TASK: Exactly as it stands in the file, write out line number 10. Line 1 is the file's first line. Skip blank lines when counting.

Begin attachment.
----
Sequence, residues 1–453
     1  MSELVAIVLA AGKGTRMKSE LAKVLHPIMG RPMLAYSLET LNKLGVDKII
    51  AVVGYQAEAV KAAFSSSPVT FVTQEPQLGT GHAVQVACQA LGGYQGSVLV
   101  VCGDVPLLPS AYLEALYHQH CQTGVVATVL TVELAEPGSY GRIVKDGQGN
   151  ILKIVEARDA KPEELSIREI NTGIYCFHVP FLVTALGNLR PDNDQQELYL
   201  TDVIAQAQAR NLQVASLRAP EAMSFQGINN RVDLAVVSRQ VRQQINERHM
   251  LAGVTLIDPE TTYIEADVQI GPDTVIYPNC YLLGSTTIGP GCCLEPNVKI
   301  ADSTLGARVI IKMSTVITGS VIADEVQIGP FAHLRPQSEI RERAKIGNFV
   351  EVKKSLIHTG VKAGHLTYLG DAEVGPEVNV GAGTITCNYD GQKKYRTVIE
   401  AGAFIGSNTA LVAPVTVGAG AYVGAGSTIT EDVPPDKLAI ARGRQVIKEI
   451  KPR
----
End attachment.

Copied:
   401  AGAFIGSNTA LVAPVTVGAG AYVGAGSTIT EDVPPDKLAI ARGRQVIKEI